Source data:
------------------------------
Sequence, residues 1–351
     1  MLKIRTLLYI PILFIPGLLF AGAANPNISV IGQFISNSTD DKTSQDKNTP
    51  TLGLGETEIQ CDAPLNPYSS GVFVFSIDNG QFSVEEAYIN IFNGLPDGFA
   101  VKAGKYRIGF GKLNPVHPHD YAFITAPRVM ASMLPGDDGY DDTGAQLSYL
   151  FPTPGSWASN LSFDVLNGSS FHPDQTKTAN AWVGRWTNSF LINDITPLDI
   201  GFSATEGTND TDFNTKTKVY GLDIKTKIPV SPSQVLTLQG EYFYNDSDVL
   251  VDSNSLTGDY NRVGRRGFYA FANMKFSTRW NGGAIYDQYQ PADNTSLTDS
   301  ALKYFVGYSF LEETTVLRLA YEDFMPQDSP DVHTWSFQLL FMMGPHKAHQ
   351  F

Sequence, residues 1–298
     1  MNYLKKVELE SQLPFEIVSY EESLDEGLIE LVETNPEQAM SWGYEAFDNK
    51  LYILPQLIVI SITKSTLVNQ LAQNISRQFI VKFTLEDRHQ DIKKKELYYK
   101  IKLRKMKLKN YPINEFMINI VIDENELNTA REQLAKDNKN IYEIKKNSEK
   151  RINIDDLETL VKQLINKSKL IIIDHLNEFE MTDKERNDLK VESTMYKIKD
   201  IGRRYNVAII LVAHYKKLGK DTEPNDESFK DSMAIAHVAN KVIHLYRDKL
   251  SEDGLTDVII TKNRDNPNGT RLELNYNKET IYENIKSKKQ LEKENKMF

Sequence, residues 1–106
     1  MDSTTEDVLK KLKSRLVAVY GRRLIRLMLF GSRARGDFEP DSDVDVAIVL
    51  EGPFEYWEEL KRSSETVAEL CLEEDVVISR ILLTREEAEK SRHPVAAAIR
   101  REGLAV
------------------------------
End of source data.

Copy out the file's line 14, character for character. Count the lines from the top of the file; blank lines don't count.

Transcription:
   151  RINIDDLETL VKQLINKSKL IIIDHLNEFE MTDKERNDLK VESTMYKIKD